TMEM16A is implicated in the regulation of coronary flow and is altered in hypertension
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BACKGROUND AND PURPOSE: Coronary artery disease leads to ischaemic heart disease and ultimately myocardial infarction. Thus, it is important to determine the factors that regulate coronary blood flow. Ca2+ -activated chloride channels contribute to the regulation of arterial tone; however, their role in coronary arteries is unknown. The aim of this study was to investigate the expression and function of the main molecular correlate of Ca2+ -activated chloride channels, TMEM16A, in rat coronary arteries.
EXPERIMENTAL APPROACH: We performed mRNA and protein analysis, electrophysiological studies of coronary artery myocytes, and functional studies of coronary artery contractility and coronary perfusion, using novel inhibitors of TMEM16A. Furthermore, we assessed whether any changes in expression and function occurred in coronary arteries from spontaneously hypertensive rats (SHRs).
KEY RESULTS: TMEM16A was expressed in rat coronary arteries. The TMEM16A-specific inhibitor, MONNA, hyperpolarised the membrane potential in U46619. MONNA, T16Ainh -A01, and Ani9 attenuated 5-HT/U46619-induced contractions. MONNA and T16Ainh -A01 also increased coronary flow in Langendorff perfused rat heart preparations. TMEM16A mRNA was increased in coronary artery smooth muscle cells from SHRs, and U46619 and 5-HT were more potent in arteries from SHRs than in those from normal Wistar rats. MONNA diminished this increased sensitivity to U46619 and 5-HT.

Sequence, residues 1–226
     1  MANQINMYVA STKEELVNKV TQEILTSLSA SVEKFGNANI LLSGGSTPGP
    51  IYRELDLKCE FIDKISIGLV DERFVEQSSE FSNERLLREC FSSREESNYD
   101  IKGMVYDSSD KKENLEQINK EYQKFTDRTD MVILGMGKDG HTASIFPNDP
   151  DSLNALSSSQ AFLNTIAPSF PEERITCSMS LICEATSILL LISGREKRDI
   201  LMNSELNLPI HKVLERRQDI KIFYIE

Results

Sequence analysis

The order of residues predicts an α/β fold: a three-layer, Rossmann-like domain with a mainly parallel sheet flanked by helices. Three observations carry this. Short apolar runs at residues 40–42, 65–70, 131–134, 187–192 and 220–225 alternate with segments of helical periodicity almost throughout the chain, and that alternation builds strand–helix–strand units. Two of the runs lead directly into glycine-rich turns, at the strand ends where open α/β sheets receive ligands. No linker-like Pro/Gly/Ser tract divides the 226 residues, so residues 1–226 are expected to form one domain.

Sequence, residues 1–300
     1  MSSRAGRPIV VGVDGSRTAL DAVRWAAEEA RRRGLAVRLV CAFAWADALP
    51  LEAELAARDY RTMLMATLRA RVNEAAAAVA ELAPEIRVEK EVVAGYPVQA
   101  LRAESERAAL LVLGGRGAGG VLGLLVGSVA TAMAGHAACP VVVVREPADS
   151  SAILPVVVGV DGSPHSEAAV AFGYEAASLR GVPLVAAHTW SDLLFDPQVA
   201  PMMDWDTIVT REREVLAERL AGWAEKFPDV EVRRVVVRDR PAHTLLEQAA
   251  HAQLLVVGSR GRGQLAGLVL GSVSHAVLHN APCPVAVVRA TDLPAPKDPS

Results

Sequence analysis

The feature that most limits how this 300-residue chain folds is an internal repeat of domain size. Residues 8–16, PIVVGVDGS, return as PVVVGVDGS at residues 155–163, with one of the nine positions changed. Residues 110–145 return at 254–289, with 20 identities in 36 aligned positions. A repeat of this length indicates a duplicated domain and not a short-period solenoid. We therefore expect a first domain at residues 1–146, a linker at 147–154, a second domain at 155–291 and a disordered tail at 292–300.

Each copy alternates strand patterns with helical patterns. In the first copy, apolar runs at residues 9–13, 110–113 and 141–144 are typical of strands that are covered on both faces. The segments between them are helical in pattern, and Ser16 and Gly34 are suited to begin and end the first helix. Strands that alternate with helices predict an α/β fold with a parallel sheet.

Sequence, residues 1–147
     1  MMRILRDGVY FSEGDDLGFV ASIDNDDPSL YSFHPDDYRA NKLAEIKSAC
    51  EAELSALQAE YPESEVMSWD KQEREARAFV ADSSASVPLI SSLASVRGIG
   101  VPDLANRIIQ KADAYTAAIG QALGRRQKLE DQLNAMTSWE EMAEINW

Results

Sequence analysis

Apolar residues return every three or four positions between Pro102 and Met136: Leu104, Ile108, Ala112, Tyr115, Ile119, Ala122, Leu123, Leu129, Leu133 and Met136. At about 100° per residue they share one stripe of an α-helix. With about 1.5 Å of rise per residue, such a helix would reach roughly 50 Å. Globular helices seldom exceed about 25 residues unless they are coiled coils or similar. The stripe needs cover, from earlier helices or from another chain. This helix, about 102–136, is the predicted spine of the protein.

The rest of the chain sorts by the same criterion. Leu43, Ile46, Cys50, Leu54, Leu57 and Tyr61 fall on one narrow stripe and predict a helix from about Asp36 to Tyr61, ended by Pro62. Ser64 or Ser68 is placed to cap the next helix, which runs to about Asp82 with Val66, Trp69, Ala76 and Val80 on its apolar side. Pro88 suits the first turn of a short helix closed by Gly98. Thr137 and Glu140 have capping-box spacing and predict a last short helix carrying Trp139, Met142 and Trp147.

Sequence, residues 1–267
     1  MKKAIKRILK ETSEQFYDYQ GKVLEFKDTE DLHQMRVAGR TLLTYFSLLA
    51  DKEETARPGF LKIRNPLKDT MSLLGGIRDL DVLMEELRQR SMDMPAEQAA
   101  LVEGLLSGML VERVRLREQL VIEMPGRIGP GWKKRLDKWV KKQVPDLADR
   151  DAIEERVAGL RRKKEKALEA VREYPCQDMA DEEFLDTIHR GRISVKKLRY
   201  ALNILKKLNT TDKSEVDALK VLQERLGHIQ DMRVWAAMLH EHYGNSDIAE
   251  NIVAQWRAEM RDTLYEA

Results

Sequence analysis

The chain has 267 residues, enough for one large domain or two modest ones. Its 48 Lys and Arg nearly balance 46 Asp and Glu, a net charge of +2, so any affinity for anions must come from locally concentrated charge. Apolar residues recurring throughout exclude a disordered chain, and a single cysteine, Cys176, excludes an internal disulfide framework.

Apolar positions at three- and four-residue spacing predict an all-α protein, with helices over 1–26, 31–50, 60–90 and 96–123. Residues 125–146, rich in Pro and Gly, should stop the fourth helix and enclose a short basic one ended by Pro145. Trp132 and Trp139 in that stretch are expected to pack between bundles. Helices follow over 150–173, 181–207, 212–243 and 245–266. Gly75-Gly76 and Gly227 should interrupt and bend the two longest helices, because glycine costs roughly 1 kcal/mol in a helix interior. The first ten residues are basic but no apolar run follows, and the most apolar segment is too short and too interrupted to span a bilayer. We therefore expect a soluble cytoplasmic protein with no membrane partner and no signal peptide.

CONCLUSIONS AND IMPLICATIONS: In conclusion, TMEM16A is a key regulator of coronary blood flow and is implicated in the altered contractility of coronary arteries from SHRs.
|Journal||British Journal of Pharmacology|
|Publication status||Published - Jun 2019|
© 2019 The British Pharmacological Society.